The Bells of St Luke’s Church, Holmes Chapel
One of the pleasures of living in Holmes Chapel is hearing the bells of St Luke’s as they call worshippers to church and mark special occasions, both happy and sad. The bells have a long and interesting history.
There are seven in total, six of them dating back to the early years of the eighteenth century, though one was recast in 1858 and the original inscription replaced by the founder’s name: G. Mears of London. The seventh bell was cast by the same firm and bears the same date and inscription.
The smallest bell is dated 1706 and is known traditionally as the Dagtail or Draggletail Bell. It would be rung hourly between 6am and 6pm for the benefit of the workers in the fields, most of whom would not possess a watch. Its name derives from its other use of calling last minute stragglers to church services. The other five, and maybe the Draggletail too, were given to the church by Daniel Cotton (1660 – 1723), one of the family of ironmasters who owned Cranage Forge and other ironworks in the area. All the bells were inscribed with short phrases such as:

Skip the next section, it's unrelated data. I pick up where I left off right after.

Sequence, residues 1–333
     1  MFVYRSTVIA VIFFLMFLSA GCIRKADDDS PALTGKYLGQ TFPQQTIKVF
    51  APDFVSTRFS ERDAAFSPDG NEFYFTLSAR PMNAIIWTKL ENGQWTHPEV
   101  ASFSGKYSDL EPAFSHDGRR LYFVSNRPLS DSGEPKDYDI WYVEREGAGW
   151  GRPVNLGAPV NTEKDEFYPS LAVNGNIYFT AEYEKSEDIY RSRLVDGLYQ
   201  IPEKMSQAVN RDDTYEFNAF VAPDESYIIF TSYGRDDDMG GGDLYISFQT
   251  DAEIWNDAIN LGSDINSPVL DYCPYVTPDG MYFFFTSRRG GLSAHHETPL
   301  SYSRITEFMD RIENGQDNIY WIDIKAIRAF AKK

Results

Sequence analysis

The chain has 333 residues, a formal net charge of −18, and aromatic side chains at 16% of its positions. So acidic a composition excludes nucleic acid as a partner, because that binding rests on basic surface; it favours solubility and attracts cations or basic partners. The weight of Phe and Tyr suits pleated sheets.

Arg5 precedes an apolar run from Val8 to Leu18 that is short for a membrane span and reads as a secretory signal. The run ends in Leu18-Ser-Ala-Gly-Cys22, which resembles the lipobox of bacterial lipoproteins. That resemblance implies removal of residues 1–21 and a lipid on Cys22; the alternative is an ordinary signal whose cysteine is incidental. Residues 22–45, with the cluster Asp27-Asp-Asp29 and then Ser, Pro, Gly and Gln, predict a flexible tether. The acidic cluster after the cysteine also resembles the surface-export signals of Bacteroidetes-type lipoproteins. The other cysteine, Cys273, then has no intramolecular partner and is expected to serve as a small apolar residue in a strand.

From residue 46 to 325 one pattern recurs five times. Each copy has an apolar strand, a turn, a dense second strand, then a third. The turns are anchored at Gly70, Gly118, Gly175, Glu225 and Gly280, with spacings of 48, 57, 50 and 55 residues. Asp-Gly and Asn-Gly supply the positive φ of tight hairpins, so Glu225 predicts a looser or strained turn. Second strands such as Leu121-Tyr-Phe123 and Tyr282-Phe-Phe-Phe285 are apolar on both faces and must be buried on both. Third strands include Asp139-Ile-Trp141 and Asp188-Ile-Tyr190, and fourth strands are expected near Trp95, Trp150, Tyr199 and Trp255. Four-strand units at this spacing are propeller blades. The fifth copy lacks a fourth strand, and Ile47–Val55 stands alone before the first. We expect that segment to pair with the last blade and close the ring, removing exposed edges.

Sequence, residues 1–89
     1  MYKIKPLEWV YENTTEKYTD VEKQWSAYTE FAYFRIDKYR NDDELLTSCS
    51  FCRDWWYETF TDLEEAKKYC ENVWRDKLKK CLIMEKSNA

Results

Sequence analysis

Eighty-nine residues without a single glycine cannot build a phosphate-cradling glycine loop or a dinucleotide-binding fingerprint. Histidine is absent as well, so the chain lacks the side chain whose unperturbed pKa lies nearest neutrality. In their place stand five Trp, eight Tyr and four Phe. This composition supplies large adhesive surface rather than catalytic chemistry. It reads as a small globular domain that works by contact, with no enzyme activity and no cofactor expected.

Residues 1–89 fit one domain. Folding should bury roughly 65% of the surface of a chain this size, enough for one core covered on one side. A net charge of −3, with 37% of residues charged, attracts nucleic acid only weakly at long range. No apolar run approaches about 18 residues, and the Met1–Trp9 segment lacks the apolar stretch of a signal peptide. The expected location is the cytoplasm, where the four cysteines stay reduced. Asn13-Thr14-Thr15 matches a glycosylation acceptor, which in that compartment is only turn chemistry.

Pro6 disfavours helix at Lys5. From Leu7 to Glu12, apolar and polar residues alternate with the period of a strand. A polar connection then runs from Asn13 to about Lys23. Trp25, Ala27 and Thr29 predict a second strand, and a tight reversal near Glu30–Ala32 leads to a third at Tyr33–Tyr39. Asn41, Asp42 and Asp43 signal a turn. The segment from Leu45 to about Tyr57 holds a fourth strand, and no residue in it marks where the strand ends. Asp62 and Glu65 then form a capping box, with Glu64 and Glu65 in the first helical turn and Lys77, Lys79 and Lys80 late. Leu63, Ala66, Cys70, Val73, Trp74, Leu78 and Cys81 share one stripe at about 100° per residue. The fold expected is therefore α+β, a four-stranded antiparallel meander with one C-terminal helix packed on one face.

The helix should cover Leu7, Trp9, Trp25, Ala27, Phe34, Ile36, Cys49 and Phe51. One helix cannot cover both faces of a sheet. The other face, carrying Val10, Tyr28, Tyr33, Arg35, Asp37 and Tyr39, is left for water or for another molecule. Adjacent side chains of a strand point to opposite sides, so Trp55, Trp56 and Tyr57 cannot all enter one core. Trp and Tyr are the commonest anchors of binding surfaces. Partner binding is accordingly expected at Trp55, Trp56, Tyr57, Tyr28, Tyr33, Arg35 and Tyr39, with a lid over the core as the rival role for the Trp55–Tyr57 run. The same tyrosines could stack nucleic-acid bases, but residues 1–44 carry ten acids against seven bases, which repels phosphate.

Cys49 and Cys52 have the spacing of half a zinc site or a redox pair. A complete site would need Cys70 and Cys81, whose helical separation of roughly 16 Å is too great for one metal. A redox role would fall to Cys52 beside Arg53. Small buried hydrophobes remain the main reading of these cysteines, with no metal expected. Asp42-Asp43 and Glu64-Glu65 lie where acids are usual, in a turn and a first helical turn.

“I’le sally forth Queen Anns Great Worth. The gift of Daniel Cotton, Ironmaster, 1709.”
The religious and political disagreements which had led to the Glorious Revolution of 1688 had not diminished by the reign of Queen Anne (1702 – 1714). The French King Louis XIV sought to dominate Europe and restore the Catholic Stuarts to the English throne. Thus, with this quotation, Daniel Cotton was able to demonstrate his loyalty to the Crown and keep the villagers of Holmes Chapel informed of the great events of the time.